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Alaska Trophy Reindeer Hunts

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Talk with an Advisor


Season Dates:
July, August, September
Guide Ratio:
1 on 1
Alaska, United States of America
Any Weapon, Archery, Muzzleloader, Rifle
Trip Methods:
ATV/UTV, Boat, Spot and Stalk
10 Days
Easy Moderate, Moderate
Cabin, Wall Tent
Trip Units:

This Reindeer hunt is one that has to find its way onto your hit list. On the island of Nunivak, located in the Bering Sea, approximately 30 miles west of the Alaska mainland, is home to only one permanent settlement, Mekoryuk, which is located on the north shore, with about 200 residents. Reindeer hunting has been a part of the traditional subsistence lifestyle of the Nunivak people on Nunivak Island for thousands of years. The island has a population of wild reindeer that was introduced to the island in the early 20th century, and the hunting of these animals is an important part of the local culture and economy, and is now an option for non-residents to hunt these amazing trophies.

Overall, the trophy size of reindeer on Nunivak Island can be impressive and is highly sought-after by hunters and outdoor enthusiasts. Reindeer with antlers exceeding 400 inches is a real possibility if a hunter can hold out and be selective. The island has a land area of approximately 1,850 square miles, making it the second-largest island in the Bering Sea after St. Lawrence Island. It is roughly 60 miles long and 20 miles wide at its widest point, and is characterized by a mix of flat tundra, rolling hills, and rocky coastal areas. The island is home to a diverse range of wildlife, including caribou, reindeer, muskoxen, foxes, and a variety of bird species. The outfitter uses boats and atv's to cover the island, so patience is key to located and harvest a true trophy of a lifetime!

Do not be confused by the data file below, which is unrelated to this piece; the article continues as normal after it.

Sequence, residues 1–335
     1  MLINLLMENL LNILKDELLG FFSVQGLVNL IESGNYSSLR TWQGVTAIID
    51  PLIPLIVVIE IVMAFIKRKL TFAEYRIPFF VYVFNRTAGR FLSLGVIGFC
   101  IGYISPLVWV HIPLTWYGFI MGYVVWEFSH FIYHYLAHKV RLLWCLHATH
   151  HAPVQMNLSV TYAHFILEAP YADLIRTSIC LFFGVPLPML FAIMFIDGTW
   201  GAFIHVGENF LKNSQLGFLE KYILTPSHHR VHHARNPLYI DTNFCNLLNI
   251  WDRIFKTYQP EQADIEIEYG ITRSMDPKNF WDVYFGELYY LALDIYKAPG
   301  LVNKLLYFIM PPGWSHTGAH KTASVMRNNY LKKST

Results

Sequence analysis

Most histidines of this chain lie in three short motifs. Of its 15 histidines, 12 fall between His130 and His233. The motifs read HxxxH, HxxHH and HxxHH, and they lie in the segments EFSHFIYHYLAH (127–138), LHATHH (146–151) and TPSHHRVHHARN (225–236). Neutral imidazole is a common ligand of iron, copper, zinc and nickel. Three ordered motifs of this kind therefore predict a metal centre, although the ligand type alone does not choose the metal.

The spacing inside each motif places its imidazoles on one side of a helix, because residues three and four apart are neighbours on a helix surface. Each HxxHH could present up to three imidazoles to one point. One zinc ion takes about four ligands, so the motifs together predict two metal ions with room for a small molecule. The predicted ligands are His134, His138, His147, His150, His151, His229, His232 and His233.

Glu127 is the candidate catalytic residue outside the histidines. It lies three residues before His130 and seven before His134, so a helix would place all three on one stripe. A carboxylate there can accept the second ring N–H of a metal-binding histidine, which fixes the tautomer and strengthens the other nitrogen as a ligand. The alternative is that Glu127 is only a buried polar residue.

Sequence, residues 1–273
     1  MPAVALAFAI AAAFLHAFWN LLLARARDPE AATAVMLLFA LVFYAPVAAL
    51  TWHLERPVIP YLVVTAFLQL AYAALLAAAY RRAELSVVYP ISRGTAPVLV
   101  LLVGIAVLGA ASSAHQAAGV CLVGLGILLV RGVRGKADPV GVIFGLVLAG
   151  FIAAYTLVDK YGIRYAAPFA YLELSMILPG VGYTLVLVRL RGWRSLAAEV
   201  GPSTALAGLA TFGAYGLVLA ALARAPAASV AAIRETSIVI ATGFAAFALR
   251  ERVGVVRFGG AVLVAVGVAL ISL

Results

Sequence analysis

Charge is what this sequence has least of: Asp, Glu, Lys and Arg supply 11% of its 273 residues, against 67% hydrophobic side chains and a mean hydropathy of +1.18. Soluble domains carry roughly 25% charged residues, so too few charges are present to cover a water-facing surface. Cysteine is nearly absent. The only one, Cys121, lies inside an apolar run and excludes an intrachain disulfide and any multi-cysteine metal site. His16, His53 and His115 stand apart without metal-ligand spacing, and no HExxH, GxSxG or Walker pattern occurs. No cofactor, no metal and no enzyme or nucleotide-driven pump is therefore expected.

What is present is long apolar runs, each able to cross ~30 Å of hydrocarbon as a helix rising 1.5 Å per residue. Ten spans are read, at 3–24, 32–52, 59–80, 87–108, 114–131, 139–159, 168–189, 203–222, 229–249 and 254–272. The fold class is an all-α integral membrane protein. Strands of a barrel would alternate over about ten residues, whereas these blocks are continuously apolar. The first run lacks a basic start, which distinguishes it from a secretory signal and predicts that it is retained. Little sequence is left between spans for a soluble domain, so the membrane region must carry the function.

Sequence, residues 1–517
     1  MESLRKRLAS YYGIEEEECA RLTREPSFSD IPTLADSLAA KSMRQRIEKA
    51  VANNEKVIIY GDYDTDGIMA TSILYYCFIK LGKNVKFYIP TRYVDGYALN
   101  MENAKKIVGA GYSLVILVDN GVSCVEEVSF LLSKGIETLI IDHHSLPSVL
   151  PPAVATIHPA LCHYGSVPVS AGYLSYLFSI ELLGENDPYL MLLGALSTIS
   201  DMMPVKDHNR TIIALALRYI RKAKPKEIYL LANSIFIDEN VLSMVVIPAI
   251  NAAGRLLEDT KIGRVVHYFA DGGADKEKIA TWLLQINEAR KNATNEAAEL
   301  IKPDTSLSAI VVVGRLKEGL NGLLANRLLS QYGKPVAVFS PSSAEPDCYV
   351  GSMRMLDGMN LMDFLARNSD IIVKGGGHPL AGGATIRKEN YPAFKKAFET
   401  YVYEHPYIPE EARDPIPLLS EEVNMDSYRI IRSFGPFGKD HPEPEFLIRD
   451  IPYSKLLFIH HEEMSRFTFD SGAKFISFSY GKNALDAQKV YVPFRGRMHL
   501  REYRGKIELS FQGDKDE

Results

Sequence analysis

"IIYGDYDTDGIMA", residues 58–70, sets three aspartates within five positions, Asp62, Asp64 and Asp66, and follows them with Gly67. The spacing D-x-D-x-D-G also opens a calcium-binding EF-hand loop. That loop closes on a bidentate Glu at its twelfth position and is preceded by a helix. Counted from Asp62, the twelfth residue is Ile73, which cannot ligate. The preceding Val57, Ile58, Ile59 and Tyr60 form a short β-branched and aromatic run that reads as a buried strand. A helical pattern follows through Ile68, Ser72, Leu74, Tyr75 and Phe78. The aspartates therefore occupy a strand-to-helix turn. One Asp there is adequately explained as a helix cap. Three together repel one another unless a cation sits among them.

The island's terrain is characterized by a mix of flat tundra, rolling hills, and rocky coastal areas. The island's interior is mostly covered by a vast expanse of tundra, which is a type of treeless, marshy plain that is common in Arctic and subarctic regions. The tundra is dominated by low-growing plants such as mosses, lichens, and shrubs, and is interspersed with small lakes, ponds, and streams. The island's hills and mountains rise up from the tundra, providing a varied landscape that is popular with hikers and outdoor enthusiasts. The hills are generally covered with grasses and low shrubs, while the mountain slopes are characterized by rocky outcroppings and sparse vegetation. Each day you will go out into the field via ATV and glass for animals and once a trophy reindeer is located you will make the final stalk on foot. Hunters should be prepared for long rides on ATV’s (sometimes 20-30 miles per day) over variable terrain. The stalking part of the hunt can be quite challenging or fairly easy depending on where the animal is located and what the herd is doing. The island's coastline is rugged and rocky, with numerous coves, bays, and inlets that are home to a variety of marine mammals and seabirds. The rocky beaches and cliffs provide a habitat for a range of intertidal creatures, including sea urchins, crabs, and anemones.

Overall, the terrain on Nunivak Island is rugged and varied, offering a unique and challenging environment for outdoor activities such as hunting, fishing, and hiking. It's important for visitors to be prepared for the island's harsh and remote environment, and to respect the fragile ecosystem that makes it such a unique and special place.

Many families on the island also have small cabins or homes, which are typically constructed of wood or other local materials. These homes are designed to be simple and functional, with minimal amenities such as electricity and running water. The traditional homes on Nunivak Island reflect the island's remote and harsh environment, as well as the self-sufficient and subsistence-oriented lifestyle of the local people. While modern amenities and technology have been introduced to the island in recent years, traditional homes and ways of life continue to be an important part of the local culture and identity.